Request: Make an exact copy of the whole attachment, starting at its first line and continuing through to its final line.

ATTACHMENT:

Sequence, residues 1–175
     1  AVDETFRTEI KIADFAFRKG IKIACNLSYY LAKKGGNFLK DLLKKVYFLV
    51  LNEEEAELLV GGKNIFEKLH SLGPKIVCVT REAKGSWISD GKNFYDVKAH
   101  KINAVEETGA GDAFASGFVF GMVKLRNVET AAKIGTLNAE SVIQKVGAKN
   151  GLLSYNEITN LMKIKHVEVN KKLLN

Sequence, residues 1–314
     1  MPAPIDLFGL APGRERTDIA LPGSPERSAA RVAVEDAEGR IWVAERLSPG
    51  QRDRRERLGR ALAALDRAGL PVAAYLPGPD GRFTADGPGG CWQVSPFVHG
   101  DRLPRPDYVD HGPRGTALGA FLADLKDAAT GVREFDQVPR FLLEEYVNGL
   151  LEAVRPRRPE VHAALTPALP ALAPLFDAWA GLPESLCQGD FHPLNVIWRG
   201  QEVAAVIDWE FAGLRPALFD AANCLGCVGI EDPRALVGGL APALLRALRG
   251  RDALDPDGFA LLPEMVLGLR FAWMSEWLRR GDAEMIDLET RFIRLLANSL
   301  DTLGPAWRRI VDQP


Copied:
Sequence, residues 1–175
     1  AVDETFRTEI KIADFAFRKG IKIACNLSYY LAKKGGNFLK DLLKKVYFLV
    51  LNEEEAELLV GGKNIFEKLH SLGPKIVCVT REAKGSWISD GKNFYDVKAH
   101  KINAVEETGA GDAFASGFVF GMVKLRNVET AAKIGTLNAE SVIQKVGAKN
   151  GLLSYNEITN LMKIKHVEVN KKLLN

Sequence, residues 1–314
     1  MPAPIDLFGL APGRERTDIA LPGSPERSAA RVAVEDAEGR IWVAERLSPG
    51  QRDRRERLGR ALAALDRAGL PVAAYLPGPD GRFTADGPGG CWQVSPFVHG
   101  DRLPRPDYVD HGPRGTALGA FLADLKDAAT GVREFDQVPR FLLEEYVNGL
   151  LEAVRPRRPE VHAALTPALP ALAPLFDAWA GLPESLCQGD FHPLNVIWRG
   201  QEVAAVIDWE FAGLRPALFD AANCLGCVGI EDPRALVGGL APALLRALRG
   251  RDALDPDGFA LLPEMVLGLR FAWMSEWLRR GDAEMIDLET RFIRLLANSL
   301  DTLGPAWRRI VDQP